Last week the BBC announced that it would be delivering an additional 1,000 hours of streaming video covering 30 different sports on the BBC Sport website and the BBC iPlayer. This content can be viewed on the usual collection of devices, i.e., PCs, tablets, mobiles and connected TVs; and it is compatible with the BBC's personalization features, so users can select the sports they most want to follow.
The platform is also being used for non-sports content across the BBC's online properties, including music festival Glastonbury, the elections, and arts events like the Hay Festival and Manchester International Festival.
But the announcement is mostly about the huge increase in the already substantial sports coverage offered by the British Broadcasting Corp. (BBC) ; that's clearly the lead here. According to Neil Hall, head of product at BBC Sport and author of the blog announcing the coverage, it is the BBC's biggest increase in live sports coverage in a generation. It's been testing and trialing the new service for the past six months, offering about 500 hours of content to evaluate and tweak the platform before rolling it out full-scale.
Some of the footage used in these tests include matches from the FA Cup football tournament, Women's Super League football, the Rugby League Challenge Cup and a whole host of other sports. Coverage of England's under-17s World Cup victory gained an audience of nearly 400,000 online viewers, which was probably a decent-sized challenge to test the platform.
This dramatic increase in live streaming coverage is built on BBC Live, an "internal technology product-platform" that supports large scale web streaming delivery of live events. According to Hall, the technology has its roots in the London 2012 Olympics (much like the more innovative services BT Sport has rolled out in the past five years), but was first deployed in beta at the end of 2013, as part of a broader exercise in helping the BBC stream live events at scale.
Integrating BBC Live into the BBC Sport app for connected TVs was made considerably easier as an example, according to Hall. He also references a presentation by the BBC's head of technical architecture, Matthew Clark, which you can see here.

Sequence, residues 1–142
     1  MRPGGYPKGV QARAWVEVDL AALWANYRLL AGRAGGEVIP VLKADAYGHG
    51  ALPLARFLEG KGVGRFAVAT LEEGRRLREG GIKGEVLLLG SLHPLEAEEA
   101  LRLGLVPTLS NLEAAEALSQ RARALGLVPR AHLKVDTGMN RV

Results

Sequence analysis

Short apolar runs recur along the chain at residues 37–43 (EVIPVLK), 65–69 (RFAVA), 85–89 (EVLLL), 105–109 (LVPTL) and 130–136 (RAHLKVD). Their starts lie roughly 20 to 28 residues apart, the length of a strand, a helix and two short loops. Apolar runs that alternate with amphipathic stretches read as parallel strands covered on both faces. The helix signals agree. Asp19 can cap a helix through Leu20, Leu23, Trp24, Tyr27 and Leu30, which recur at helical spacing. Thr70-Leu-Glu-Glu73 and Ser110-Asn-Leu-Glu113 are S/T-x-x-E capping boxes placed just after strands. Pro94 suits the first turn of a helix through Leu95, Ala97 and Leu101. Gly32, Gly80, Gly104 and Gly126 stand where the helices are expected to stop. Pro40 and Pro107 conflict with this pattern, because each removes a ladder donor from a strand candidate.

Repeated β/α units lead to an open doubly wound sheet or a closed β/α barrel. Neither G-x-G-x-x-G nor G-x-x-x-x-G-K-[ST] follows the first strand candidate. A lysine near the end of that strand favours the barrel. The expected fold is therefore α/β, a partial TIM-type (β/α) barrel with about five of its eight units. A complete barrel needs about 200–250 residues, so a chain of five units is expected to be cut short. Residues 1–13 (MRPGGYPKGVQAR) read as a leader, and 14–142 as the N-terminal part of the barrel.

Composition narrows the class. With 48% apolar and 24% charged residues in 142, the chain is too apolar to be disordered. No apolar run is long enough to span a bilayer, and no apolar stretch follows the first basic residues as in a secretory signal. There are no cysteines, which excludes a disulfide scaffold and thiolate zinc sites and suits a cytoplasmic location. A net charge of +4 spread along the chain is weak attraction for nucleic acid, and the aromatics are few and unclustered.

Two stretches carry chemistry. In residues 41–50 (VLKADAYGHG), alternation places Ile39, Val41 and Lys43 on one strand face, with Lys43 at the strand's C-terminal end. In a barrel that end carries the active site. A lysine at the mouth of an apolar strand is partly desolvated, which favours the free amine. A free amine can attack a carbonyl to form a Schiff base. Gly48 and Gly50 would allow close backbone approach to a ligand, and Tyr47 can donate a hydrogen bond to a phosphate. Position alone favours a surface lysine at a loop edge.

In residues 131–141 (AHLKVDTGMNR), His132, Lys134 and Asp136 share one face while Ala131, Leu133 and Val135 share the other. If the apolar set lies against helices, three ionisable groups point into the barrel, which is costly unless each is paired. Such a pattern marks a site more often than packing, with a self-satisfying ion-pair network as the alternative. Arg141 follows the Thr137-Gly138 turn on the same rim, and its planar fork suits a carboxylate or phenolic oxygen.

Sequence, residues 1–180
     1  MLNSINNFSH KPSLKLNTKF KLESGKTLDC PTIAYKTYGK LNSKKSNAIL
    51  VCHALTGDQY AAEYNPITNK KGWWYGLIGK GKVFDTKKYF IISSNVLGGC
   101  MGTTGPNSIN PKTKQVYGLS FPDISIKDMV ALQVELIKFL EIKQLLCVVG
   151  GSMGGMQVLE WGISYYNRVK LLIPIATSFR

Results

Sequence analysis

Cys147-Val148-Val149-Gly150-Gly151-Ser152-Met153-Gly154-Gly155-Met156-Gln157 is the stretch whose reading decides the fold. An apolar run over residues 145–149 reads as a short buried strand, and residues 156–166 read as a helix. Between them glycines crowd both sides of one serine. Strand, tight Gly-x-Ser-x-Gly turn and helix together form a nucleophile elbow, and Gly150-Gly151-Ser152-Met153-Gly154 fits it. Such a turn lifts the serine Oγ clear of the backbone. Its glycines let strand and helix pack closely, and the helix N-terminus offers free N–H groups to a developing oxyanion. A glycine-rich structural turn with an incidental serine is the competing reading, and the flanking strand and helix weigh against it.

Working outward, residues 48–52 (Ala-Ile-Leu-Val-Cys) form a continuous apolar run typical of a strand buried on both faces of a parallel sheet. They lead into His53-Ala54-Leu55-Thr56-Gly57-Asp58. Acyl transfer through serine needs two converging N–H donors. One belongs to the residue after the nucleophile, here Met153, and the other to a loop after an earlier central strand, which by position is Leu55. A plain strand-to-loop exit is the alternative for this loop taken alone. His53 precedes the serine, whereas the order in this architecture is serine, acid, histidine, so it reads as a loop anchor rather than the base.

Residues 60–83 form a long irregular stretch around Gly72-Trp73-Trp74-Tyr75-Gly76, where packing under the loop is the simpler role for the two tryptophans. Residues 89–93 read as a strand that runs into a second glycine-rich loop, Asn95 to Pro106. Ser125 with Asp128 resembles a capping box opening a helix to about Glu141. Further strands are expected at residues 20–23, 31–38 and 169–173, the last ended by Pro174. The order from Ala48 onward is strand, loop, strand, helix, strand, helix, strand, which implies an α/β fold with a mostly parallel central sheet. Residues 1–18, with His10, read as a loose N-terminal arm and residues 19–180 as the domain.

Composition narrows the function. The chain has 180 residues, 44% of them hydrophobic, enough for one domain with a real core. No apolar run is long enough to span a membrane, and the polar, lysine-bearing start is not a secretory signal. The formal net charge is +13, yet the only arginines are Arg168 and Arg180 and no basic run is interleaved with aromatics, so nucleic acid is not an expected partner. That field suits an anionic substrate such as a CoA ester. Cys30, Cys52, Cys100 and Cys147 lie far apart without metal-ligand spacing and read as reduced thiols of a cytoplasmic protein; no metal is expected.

Clark talks about the use of "nanoservices," small units of logic that are easily understood, deployed, operated and shared that have been used to build the BBC Live platform. The evolution of nanoservices stems from broader evolutionary trends in the IT world -- from data centers to the cloud, from standard technology release cycles to continuous delivery, and from separate development, operations, UX and test teams, to DevOps.
This gave the BBC more flexibility and freedom in terms of technology, operations, capacity and resulted in more frequent releases and end-to-end ownership of the product. The next step was the adoption of microservices, which helped bring together multiple teams and technologies, was more shareable, flexible and easily scalable and was smaller and safer to deploy. However, microservices also come with some challenges: higher maintenance and communications overheads, multi-version challenges, increased costs and difficulties in refactoring, according to Clark. In fact, microservices can bring considerably more operational complexity. This led Clark to nanoservices.
Nanoservices are responsible for a "single, non-trivial, business-understandable task." They are smaller than a microservice but larger than a function, according to Clark. They are great "Lego bricks" for sharing, and reduce barriers to entry. They look after many operational issues such as scaling, resilience and monitoring among others, and have resulted in faster deployment and greater development speeds.
According to Hall, the development of this new flexibility and speed of development has led the BBC to now look at working more closely with various sports leagues to bring in more coverage of their sports. As part of this effort, the BBC is giving the leagues access to its live-streaming technology as well as training and advice from BBC producers to help deliver high-quality coverage.
In addition to the BBC Live platform, the broadcaster is also using other technology platforms it has developed, including the cloud-based Video Factory used by the iPlayer, as well as web-based TV production tools aimed at cost-efficient live event coverage over IP.
— Aditya Kishore, Practice Leader, Video Transformation, Telco Transformation